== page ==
“During times of universal deceit, telling the truth becomes a revolutionary act.” George Orwell

Thursday, June 03, 2004

Overcoming a notorious reputation: Roy and me part 2

Well, once again I met Roy and we went off to his 4th grade Sunday School class. His parents were concerned because he had eaten some sweets that morning, which appear to be a trigger for inappropriate behavior. I was happy that he was either resigned to or pleased about the fact that his big, balding, bearded, buddy would be again following him to Sunday school. We walked in, and the sign in sheet wasn't there. Small things such as this can at times be the trigger for children with autism to engage in behavioral problems. Roy took it in stride and went to sit down in his usual spot. I went and sat by him. A young girl with down syndrome sat nearby with her adult woman buddy in tow.

The teacher entered the room and said "There will be lots of chances to win candy today!" I immediately realized that I didn't fulfil my pledge on this blog (see May 17) to have something else available. I got up and scurried around looking for chips or something that Roy could win. Finally I spoke to someone in charge and she came up with the idea of shiny new pencils that they had. I sat down. The sign in sheet arrived and he got up and signed us both in.

We sang some songs, some of which Roy knew, to the point of being willing to go forward and "lead" the songs with other kids. When he would do particular motions to the songs, I did them as well. He began to look to me to mimic his motions. At one point I asked him if he could read the words which were being projected and he said "No." However, he then picked up a flyer about some trip and proceeded to pick out words he knew. He saw the word "ball" in balloon and was pleased to know the whole word. He also loved the phrase "baby wipes" which he read repeatedly to himself with delight.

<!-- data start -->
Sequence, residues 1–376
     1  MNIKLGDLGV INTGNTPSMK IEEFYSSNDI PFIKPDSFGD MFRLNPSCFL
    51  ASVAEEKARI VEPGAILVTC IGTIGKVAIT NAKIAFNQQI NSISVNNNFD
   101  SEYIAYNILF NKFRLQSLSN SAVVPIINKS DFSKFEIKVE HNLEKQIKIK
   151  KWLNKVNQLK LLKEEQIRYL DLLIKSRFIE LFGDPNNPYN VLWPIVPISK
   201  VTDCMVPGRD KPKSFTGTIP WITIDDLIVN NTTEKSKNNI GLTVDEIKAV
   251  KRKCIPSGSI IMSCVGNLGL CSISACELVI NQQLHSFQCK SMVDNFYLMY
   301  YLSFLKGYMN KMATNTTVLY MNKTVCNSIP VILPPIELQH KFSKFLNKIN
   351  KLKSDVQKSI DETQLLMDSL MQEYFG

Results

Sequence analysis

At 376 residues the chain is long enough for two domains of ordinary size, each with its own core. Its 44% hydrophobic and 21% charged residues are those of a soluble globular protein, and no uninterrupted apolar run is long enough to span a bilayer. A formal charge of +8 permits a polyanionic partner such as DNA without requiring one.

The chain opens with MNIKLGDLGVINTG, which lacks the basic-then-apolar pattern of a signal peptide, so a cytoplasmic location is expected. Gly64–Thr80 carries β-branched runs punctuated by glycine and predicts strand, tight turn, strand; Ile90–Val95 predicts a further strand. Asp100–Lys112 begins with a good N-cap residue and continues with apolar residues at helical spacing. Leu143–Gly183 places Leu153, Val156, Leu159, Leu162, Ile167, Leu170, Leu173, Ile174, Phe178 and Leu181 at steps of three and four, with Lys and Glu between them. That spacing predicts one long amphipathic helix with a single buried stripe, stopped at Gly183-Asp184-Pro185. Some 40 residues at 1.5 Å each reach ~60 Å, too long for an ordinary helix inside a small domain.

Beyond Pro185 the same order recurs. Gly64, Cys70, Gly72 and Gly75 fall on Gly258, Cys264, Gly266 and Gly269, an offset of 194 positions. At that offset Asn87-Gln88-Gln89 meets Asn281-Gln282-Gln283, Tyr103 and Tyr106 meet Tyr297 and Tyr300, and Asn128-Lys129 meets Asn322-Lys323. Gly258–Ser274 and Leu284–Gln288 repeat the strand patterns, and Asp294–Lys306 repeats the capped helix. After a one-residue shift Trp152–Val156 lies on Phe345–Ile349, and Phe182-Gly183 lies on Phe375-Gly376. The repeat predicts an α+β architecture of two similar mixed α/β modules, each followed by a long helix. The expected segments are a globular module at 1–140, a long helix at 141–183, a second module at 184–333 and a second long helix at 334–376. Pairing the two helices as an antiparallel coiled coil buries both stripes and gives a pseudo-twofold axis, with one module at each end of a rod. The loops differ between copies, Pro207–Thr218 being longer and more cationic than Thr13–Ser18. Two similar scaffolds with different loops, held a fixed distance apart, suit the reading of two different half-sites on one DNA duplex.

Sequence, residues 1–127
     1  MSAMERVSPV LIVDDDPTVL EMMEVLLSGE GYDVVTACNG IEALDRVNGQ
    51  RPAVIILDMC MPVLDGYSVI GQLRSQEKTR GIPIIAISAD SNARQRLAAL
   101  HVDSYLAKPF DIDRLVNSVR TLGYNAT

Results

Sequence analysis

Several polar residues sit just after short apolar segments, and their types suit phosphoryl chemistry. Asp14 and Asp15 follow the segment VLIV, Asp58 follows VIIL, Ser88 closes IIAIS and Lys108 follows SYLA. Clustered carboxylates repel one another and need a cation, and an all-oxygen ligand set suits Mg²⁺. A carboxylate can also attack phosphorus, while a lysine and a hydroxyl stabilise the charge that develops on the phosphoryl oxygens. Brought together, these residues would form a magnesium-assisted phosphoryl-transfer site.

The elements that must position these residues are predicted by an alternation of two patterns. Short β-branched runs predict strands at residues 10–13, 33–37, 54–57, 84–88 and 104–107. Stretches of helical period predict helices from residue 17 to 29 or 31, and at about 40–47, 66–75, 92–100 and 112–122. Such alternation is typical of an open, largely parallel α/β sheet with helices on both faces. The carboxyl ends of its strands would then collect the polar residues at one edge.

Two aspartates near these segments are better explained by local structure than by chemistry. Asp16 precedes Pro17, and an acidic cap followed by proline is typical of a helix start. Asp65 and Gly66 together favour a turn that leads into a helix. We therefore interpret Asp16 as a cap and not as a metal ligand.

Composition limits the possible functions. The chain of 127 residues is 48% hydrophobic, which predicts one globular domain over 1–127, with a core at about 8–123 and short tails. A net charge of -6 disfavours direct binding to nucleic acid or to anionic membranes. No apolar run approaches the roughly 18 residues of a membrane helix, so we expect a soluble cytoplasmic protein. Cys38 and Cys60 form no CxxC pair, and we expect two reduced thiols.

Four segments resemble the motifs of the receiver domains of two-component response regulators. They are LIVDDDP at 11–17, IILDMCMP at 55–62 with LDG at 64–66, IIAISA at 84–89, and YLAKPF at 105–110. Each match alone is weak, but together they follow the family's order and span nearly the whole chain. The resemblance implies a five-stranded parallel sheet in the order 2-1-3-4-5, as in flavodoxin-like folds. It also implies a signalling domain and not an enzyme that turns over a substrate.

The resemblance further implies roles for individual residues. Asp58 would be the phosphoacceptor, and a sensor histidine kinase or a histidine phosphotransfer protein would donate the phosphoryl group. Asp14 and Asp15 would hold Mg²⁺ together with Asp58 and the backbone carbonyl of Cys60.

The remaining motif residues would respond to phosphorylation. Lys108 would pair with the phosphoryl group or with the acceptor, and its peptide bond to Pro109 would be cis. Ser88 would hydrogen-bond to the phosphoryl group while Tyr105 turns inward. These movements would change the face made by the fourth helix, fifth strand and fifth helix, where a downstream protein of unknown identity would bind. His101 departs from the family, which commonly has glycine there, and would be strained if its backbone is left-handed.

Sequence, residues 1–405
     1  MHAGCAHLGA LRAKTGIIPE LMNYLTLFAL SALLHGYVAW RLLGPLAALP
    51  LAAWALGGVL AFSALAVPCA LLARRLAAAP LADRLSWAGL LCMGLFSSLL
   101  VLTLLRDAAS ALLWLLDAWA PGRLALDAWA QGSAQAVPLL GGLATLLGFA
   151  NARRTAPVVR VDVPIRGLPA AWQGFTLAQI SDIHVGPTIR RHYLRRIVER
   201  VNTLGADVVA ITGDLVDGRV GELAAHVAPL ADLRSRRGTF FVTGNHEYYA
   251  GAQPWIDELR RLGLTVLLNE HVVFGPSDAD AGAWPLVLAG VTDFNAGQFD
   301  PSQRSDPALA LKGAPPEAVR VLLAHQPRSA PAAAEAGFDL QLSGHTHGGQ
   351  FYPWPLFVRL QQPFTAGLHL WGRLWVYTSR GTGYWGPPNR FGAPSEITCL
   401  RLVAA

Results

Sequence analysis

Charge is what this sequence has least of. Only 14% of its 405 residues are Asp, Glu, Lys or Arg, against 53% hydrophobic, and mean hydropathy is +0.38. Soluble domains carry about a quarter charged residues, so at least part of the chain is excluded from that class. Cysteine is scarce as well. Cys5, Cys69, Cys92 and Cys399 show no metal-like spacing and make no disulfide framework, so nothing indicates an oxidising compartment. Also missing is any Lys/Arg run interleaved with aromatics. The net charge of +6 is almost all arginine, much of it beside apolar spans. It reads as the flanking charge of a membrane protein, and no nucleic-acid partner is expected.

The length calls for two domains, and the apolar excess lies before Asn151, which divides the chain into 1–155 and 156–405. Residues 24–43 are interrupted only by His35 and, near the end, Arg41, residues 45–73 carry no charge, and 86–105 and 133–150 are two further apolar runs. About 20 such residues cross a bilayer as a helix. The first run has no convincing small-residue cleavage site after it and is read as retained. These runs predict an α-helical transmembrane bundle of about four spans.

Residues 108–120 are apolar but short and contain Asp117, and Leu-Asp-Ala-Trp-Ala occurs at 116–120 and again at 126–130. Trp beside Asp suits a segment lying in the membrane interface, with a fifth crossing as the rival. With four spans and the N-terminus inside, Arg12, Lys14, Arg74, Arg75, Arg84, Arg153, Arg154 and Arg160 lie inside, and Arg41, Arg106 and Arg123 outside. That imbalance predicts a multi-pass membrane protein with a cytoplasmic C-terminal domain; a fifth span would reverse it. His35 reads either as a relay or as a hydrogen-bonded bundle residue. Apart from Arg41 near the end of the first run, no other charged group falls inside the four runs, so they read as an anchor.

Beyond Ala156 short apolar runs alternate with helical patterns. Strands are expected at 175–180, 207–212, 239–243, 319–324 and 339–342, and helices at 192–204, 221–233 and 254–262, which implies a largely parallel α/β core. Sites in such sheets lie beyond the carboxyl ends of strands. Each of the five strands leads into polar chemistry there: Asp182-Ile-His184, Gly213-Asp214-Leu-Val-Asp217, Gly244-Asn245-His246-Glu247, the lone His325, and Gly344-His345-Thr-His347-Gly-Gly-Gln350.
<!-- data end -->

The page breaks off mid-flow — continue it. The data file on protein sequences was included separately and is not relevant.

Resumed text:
The leader asked questions and the kids were to jump up, provide the answer and receive a candy. I don't recall the question, but on one of them, Roy was the first one up. He also answered the question correctly! The teacher approached him with the pencils, but he indicated that he wanted a candy. The teacher's assistant came forward and gave him a small candy bar. He took it and put it by a pin wheel he had been carrying. The session continued on and occasionally kids would go forward and exchange their candy for something more desirable. Noticing this, Roy went forward and traded his candy bar for a taffy apple sucker (good trade!). He brought it back and once again set it down. My mind kept telling me that he has problems if he eats sweets, but he hadn't actually eaten the sucker. Finally, the class ended and students were able to chose another candy. Roy went forward and chose a tootsie pop (another good choice) and put it in his pocket with the other sucker. I looked at him somewhat surprised. I guess he could read my mind as he commented, "I am going to a birthday party today and these are for my friend."

As I left him off with his parents I told them about the suckers he had in his pocket half because I wanted them to know he had them so he wouldn't eat them, but more so they could recognize how thoughtful he was to think of someone else in the midst of a situation where I guarantee you the other children (me too for that matter if I had been allowed to stand and win a candy) were thinking of their desire for candy, of themselves.

More to come.


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